5 GCSE grades A* - C and an average point score of 38 or more.
Students will need a GCSE grade C or above in History or, if not studied at GCSE, a grade B in English.
Most importantly, students will need an interest in History.
The A Level consists of 2 units, a British unit and an international unit which start in Y12 (AS) and carry on to the end of Y13 (A2).
The British unit is entitled Industrialisation and the People: Britain, c1783–1885. This unit allows students to study change, continuity, cause and consequence in Britain during a period when it rapidly evolving and cementing its position as the world’s leading power. Students will investigate political themes such as how Britain was governed, and how democracy and political organisations changed and developed. They will also learn about pressures faced by the governments and how they responded to these. There are also economic strands to the course, specifically how and with what results the economy developed and changed. Social history is also present, for example how and with what results society and social policy developed. Finally, students will study the importance of the roles played by individuals and groups and how were they affected by developments.
The international unit is The Cold War, c1945–1991. This unit allows students to study the evolving course of international relations during an era of tension between communist and capitalist powers which threatened nuclear Armageddon in depth. It explores concepts such as communism and anti-communism, aggression and détente and also encourages students to reflect on the power of modern military technology, what hastens confrontation and what forces promote peace in the modern world. The course covers events and issues in Europe, Asia and the Americas, such as the origins of the conflict, the Cuban Missile Crisis, the Vietnam War and the collapse of communism in Europe at the end of the 1980s.
Additionally in Y13 students will complete a piece of coursework on South Africa 1887-1990. This unit will involve the study of South Africa with a focus on why the Apartheid system ended. Students will learn about the role of Nelson Mandela and analyse this alongside other factors (both internal and external) which contributed to the dramatic events of 1990.
Students will study history through a variety of traditional and modern techniques. The development of skills and broad based knowledge is essential in becoming a successful historian. Students will be expertly taught how to master top notch essay writing skills as well as developing strong examination technique.
Why History at Marlborough Science Academy?
History at Marlborough is always a very popular option. The units studied are the historical passions of the teachers. These passions capture the imagination of the students and often causes students to go on to study history at university.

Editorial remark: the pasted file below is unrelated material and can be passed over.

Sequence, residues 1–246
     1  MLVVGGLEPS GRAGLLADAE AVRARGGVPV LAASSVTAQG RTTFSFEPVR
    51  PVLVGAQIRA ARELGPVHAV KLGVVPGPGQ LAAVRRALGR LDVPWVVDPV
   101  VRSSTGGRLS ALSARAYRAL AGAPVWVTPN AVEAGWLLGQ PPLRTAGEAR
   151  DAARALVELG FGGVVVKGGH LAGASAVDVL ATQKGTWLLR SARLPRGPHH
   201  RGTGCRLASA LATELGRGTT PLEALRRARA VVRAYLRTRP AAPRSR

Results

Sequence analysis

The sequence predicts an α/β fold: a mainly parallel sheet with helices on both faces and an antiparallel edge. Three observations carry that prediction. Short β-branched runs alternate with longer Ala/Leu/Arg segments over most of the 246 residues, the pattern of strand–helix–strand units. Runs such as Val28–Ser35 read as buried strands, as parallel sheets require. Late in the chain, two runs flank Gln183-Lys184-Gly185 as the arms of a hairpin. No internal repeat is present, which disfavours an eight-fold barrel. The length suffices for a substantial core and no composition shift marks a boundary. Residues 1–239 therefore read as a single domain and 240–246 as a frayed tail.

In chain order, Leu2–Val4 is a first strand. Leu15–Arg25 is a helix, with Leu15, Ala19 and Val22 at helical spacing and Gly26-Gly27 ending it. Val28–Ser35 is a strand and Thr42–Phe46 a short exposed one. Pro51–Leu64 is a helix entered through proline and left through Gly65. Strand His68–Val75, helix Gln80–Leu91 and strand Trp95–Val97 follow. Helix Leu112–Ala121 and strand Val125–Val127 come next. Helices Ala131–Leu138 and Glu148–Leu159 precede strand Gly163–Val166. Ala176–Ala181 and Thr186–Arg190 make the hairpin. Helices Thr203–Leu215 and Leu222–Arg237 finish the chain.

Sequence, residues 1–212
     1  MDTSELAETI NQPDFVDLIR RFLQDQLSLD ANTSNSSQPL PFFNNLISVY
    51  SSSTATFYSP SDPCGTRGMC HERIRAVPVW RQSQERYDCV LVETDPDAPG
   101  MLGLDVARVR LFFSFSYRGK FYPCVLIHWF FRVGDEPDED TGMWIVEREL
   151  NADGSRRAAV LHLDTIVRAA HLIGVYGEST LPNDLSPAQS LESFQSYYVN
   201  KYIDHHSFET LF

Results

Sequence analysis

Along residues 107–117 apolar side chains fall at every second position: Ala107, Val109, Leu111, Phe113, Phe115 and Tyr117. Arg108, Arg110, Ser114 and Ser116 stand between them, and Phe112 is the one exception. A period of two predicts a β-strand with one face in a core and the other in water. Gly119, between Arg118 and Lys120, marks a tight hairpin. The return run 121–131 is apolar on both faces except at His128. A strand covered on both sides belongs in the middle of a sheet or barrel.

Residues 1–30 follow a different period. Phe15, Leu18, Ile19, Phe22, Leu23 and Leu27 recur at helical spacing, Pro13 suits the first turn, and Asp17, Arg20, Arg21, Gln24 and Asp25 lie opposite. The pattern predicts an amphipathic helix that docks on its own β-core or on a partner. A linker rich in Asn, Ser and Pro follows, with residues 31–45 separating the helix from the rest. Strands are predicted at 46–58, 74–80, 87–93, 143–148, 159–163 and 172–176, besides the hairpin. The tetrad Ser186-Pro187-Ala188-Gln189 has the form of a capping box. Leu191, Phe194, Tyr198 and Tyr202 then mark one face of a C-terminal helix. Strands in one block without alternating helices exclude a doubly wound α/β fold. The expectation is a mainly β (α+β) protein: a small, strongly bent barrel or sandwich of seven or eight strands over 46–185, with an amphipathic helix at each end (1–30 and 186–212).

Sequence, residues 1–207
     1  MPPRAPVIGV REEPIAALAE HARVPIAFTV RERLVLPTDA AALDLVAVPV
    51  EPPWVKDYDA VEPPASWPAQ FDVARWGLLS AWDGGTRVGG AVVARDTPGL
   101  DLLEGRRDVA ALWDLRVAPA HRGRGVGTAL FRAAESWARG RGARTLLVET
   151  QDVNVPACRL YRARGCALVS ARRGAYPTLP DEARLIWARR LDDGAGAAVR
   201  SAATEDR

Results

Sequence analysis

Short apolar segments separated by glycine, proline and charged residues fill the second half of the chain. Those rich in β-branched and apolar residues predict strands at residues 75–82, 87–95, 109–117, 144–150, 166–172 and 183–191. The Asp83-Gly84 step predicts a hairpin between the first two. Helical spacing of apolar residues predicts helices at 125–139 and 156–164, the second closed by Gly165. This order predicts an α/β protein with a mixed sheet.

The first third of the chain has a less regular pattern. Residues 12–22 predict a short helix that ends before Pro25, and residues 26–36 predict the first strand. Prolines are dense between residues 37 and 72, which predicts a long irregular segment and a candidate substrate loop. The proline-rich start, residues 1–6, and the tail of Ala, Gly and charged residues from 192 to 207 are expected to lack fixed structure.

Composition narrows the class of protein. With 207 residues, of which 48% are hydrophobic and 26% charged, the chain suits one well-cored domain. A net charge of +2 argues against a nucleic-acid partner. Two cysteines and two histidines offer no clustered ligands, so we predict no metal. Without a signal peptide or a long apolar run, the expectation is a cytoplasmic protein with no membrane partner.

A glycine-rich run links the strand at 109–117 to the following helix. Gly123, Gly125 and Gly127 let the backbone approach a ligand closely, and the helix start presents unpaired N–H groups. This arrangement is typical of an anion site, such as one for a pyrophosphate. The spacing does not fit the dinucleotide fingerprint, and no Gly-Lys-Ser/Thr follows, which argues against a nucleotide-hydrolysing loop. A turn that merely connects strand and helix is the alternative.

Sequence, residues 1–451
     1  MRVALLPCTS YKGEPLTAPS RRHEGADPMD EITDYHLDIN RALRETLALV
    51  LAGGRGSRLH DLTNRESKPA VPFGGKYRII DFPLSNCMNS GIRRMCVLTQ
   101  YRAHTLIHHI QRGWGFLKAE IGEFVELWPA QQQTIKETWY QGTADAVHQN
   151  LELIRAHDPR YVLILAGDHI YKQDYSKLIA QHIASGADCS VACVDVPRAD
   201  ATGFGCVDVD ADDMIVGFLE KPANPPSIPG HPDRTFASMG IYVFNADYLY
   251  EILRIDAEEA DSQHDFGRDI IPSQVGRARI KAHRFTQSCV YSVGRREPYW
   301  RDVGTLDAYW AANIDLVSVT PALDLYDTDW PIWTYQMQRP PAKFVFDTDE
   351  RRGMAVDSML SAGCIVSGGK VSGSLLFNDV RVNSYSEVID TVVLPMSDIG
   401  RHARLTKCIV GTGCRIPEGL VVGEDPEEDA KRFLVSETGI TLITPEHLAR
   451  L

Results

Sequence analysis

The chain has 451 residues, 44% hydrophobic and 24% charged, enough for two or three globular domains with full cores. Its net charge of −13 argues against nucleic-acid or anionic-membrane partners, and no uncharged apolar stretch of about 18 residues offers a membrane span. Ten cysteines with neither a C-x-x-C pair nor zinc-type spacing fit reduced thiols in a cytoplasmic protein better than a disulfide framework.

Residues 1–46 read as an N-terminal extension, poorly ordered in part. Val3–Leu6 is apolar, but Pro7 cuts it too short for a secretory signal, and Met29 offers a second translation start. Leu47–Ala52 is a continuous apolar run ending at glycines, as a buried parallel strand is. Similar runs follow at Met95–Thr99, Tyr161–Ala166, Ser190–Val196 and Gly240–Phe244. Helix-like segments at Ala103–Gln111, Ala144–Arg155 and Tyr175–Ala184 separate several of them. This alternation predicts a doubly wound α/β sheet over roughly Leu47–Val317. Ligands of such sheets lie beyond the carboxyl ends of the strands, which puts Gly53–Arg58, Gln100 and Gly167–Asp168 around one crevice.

Expectations of students
Students are expected to be committed to their studies and to be making progress to meet the demands of History. Students will be required to take an active role in lessons, meet deadlines and carry out independent research; this includes wider reading around the subject.
You will need enthusiasm, curiosity and willingness to debate.
History as a very well established and respected A Level which is held in high esteem by all universities including the most respected institutions, who all appreciate the challenge, range of skills and academic rigour which it requires from, and develops in students. Similarly, employers have a strong respect for History as a qualification because they appreciate the demands of the subject and they are confident students will have acquired valuable transferable skills as well as knowledge and understanding of the past. These include: Understanding of history and development as it applies to nations and groups of people; efficiency in oral and written presentation skills; detailed research skills; proficient interview skills and techniques; proper and accurate record keeping skills; critical thinking skills; strong communications skills.
History is frequently a qualification which provides a route into careers such as law, journalism, management, personnel work, public relations, the Civil Service and many other fields. This is evident in the range of highly respected History graduates from the presents and recent past: Nicky Campbell, Simon Mayo, Jeremy Bowen (BBC foreign affairs correspondent), Sacha Baron Cohen, Jonathan Ross, Louis Theroux, Marmaduke Hussey (formerly BBC Chairman of Governors), Brian Walden (TV interviewer), Melvyn Bragg, Gordon Brown, Alan Milburn, John Prescott, David Blunkett, Douglas Hurd, Sir Chris Patten, Kenneth Baker, Neil Kinnoch, Kenneth Clarke, John McGregor, John Gummer, Douglas Hogg, Dame Ruth Runciman (Advisory Council on the Misuse of Drugs), David Collett (director of VSO), Martin Gorham (chief executive of the National Blood Service), QC Michael Briggs, QC Michael Mansfield, Salman Rushdie, Andrew Morton (biographer), Alan Bennett (playwright), John Abbott (director general of the National Criminal Intelligence Service), Philip Bowyer and David Davies (Trade Union Leaders), Sir Howard Stringer (previous chairman of Sony Corporation), Sir Roland Smith (previous director of the Bank of England), Sir Robert Gunn (former Chairman of Boots), Lord Sainsbury.
Economics, History/International and Relations, Politics and International Relations, History and Archaeology.
STUDENT UNIVERSITY DESTINATION 2015
History/International Relations at Oxford Brookes, Politics and International Relations at Kent, History at Royal Holloway, Economics at Loughborough, and Bristol and Archaeology at Bangor.
How to apply
Mr D Samsami, The Marlborough Science Academy.